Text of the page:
Andy Carroll has enjoyed a successful return from injury after overcoming an ankle problem that kept him out of action since pre-season.
His presence in the West Ham side means that the team now play to his strengths, resulting in more long passes to target the big man up front. He has chipped in with three goals already, including a superb brace against Swansea City that really announced Carroll’s return to Premier League football.
Carroll’s consistent appearances since he became injury free offers Sam Allardyce another option in attack. However, upon his return, Diafra Sakho and Enner Valencia both picked up injuries that allowed Carroll a free run in the team. Suddenly, the two strikers are finding it difficult to get back into the West Ham team now that Carroll has returned to 100% match fitness. Naturally, Carroll’s inclusion in the starting line-up means West Ham tend to look for more direct passes rather than working with the pace of both Sakho and Valencia.
The big Geordie does offer something completely different compared to the other strikers at the club, but many West Ham fans are questioning why they haven’t seen the very successful partnership of Sakho and Valencia since Carroll’s return. The two new strikers have not started a game together since West Ham’s number nine returned to the fold, as Andy Carroll is now firmly in the thoughts of the manager Sam Allardyce. Against Chelsea on Boxing Day, playing Andy Carroll was perhaps the wrong approach.
Carroll would receive the ball very high up the pitch and his lack of pace and movement in that particular area of the field made it very easy for Chelsea to defend against. When Valencia partnered Sakho up front in the second half at Stamford Bridge, the Hammers created more chances by using the pace and movement of their front two.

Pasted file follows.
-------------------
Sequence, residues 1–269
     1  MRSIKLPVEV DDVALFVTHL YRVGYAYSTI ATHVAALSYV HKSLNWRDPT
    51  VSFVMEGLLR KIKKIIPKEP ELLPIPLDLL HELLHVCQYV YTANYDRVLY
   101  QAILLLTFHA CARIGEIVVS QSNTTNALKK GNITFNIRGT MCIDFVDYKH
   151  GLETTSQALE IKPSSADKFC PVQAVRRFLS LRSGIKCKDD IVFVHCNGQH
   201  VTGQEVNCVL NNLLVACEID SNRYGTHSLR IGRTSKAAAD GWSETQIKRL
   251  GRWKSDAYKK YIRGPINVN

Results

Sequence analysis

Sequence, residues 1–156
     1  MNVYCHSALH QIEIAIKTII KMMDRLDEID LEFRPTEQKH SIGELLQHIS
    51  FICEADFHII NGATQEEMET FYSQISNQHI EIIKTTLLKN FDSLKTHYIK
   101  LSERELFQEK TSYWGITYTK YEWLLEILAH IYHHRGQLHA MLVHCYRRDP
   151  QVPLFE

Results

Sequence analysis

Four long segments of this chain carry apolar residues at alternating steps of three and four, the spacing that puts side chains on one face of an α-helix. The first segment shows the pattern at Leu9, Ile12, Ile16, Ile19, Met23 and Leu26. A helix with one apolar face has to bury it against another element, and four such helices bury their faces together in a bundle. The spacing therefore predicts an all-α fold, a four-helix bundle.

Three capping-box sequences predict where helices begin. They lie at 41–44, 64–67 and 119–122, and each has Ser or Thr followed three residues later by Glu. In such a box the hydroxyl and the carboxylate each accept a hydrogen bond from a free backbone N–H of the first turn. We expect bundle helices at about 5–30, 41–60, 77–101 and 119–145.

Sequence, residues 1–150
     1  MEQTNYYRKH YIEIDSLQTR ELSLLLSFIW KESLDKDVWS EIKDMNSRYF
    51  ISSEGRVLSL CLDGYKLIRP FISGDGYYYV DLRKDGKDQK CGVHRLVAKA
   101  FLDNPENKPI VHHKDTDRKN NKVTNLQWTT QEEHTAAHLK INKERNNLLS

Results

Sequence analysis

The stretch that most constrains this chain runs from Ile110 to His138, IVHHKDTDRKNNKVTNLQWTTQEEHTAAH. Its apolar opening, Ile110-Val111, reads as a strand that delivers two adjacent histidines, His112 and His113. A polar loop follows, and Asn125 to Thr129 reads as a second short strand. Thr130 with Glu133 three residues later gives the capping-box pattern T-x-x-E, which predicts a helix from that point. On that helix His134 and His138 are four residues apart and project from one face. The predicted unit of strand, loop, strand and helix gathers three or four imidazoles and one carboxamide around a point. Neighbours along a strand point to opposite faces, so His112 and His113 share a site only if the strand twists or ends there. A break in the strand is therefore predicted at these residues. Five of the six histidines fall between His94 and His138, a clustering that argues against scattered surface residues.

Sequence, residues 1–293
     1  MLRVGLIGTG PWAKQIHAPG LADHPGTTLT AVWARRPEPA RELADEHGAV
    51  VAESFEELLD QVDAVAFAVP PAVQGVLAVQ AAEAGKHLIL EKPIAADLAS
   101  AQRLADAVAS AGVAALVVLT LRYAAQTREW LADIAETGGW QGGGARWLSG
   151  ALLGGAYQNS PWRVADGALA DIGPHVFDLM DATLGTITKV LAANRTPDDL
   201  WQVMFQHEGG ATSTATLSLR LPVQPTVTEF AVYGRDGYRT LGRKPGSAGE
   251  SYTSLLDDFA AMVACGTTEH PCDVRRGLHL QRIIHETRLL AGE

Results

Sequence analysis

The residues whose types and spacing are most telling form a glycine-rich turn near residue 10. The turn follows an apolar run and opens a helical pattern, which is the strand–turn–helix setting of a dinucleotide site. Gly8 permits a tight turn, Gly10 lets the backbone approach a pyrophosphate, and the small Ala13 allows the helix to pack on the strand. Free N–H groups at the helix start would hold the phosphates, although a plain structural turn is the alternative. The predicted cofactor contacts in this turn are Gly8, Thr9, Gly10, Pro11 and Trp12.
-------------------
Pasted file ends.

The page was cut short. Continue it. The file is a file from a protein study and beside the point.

The same problem applies with their defeat to Arsenal on Sunday. Although West Ham played well, they were very too predictable at times. Too many floated balls aimed towards Carroll ended up in the arms of Wojciech Szczesny. Some fans voiced their frustration when Sakho was replaced by Valencia, as it meant that West Ham would not resort to a ‘plan B’ for the rest of the game. Instead, Valencia was pushed out wide into a position that he is not overly comfortable with and West Ham continued to play through Andy Carroll, which didn’t work.
When the West Ham team play with Carroll from the off, they always look for him. This obviously sacrifices some of the build-up play that West Ham were being commended for earlier in the season. Against Arsenal, Alex Song looked frustrated as the centre-backs would look to go long rather than play the ball to his feet. With Sakho and Valencia in the side instead of Carroll, it might have been a different playing style.
Time will tell whether Andy Carroll is a better option instead of Sakho and Valencia. But there is a feeling around Upton Park that West Ham are returning very quickly to the one dimensional football they played last season. The lack of goals from both Valencia and Sakho coincides with Andy Carroll’s return, which suggests that in order to get the best out of one strike force, the other has to be left in the cold.
January could cause a few problems for West Ham, especially in terms of the football they play. Diafra Sakho will leave club duty to represent Senegal at the African Cup of Nations. This leaves Enner Valencia, Carlton Cole and Andy Carroll as the strikers West Ham will look to in January. If any of these players get injured, it may result in Sam Allardyce resorting back to one up front, a formation that many West Ham fans have grown to despise under their manager.
Many presumed that January would be the opportunity for the talented Mauro Zarate to step up and make a difference. But he has been loaned out to Queens Park Rangers, leaving many West Ham fans confused. With the absence of both Sakho and Zarate in January, West Ham fans will be worried about their over-reliance on Andy Carroll and, most of all, an alteration in style that could leave Hammers fans reminiscing about the ugly football played at the start of the season.